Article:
Friday, April 06, 2018

"The Book of Mormon" Musical Review

Throughout their storied careers, Trey Parker and Matt Stone have never been shy about mocking the Mormon faith. Dating back to "Orgazmo" and the early days of "South Park," the duo declared their sneering contempt for the religion's scripture and cultural quirks. Always hidden just behind the mockery was a fascination that approached a gruding admiration.

"The Book of Mormon" musical could have been yet another cheap shot at Mormonism, but its jabs are tantamount to light, good-natured -- if forcefully sacrilegious -- teasing. The story, on the other hand, is an earnest tribute to the faith's growing power and influence, as well as the transformational power of its missionaries, who fearlessly venture into third-world countries and chip away at deficincies in infrastructure, education and resources.

The musical no doubt draws more curiosity about the book of which it shares the title as it does drive people away. The church plays along with the musical's capabilities as a prosthelytizing tool, taking out lighthearted ads in programs that beckon theatergoers to kindly check out the source material.

Whether crowds view the faith as an antiquated, straitlaced curiosity or a path to the kingdom of God, they'll be uniformly entertained by the wacky song and dance numbers, with lyrics bubbling with clever and foulmouthed turns of phrase. The musical is consistently entertaining and more than occasionally crack-up funny, with every touch channeled into crafting a shimmering spectacle of awkward satire.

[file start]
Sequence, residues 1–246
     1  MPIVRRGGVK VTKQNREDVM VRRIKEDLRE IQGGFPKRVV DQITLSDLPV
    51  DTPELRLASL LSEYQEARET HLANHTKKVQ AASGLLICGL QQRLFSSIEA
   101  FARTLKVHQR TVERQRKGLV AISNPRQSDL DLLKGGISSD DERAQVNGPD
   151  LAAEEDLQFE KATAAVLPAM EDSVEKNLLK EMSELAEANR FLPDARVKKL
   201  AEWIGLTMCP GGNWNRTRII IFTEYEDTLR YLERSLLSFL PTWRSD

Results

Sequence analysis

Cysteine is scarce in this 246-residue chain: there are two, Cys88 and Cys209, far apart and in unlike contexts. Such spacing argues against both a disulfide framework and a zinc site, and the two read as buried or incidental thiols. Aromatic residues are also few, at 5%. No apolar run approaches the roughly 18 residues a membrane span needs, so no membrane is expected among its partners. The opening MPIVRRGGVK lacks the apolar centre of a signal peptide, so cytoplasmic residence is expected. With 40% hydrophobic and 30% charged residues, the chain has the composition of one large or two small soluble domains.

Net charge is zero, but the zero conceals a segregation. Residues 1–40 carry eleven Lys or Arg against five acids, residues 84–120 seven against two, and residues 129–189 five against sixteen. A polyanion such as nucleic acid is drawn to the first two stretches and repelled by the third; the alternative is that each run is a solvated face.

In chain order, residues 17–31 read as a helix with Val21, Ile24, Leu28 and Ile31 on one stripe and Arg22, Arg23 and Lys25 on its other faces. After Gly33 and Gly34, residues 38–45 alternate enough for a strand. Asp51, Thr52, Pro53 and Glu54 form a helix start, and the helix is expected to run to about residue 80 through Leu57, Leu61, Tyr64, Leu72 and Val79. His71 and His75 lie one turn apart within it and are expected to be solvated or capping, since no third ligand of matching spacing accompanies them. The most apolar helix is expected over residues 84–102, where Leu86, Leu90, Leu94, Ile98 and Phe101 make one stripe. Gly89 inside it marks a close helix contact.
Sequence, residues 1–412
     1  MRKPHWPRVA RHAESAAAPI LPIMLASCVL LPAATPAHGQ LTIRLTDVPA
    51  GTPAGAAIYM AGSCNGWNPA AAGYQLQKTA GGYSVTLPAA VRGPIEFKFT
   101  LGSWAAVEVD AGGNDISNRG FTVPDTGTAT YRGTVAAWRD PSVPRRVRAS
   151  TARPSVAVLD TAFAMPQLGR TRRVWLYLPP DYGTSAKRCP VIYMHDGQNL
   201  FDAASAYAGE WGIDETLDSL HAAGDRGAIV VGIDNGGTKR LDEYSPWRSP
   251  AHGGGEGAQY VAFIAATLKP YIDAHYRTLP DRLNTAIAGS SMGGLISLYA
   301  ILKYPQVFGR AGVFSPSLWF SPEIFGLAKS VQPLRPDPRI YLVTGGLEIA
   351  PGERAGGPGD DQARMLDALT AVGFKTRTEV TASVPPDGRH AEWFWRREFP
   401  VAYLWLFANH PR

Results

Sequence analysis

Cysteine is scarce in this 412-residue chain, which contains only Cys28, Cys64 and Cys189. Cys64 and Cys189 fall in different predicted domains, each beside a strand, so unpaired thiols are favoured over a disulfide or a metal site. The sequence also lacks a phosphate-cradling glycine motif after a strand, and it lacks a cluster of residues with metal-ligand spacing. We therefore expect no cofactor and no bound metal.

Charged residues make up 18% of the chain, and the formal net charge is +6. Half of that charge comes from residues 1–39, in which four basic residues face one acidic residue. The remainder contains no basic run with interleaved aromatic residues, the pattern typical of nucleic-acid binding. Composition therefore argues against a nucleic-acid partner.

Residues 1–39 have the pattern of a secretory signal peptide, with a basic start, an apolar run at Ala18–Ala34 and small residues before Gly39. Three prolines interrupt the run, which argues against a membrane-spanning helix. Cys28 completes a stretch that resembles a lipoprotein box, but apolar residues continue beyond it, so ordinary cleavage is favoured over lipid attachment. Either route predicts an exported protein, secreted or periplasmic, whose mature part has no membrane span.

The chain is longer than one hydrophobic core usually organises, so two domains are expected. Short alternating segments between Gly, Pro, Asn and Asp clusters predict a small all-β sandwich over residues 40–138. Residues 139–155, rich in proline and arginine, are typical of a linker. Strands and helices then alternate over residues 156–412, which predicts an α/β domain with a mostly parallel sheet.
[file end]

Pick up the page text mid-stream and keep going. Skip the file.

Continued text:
Accompanied by the musical talent of Robert Lopez, who would go on to "Frozen" fame after creating this 2011 Tony-sweeping phenomenon, the material never misses an opportunity to use its sharp barbs as bludgeons.

The heedless flames not only torch Mormonism, but spread to engulf the people of Uganda as well. Serving as the setting for the majority of the story, the Ugandan people are dismissed as ignorant, gullible, godless and AIDS-plagued. With a piggish cultural insensitivity that borders on racism, more than a few laughs are guilty and discomforting.

Savvy stagecraft redeems the writing's missteps, but the overall feeling that Stone and Parker stretched a "South Park" episode or two's worth of material into a 2.5-hour stage production, leavened with unnecessary filler to stretch out the run time. As successful and radiant as the production is, there is creeping suspicion that the musical may pack the least amount of laughs per minute in the Stone-Parker CV.

Regardless of any shortcomings, the musical is a touchstone not to be missed.

Purchase tickets here.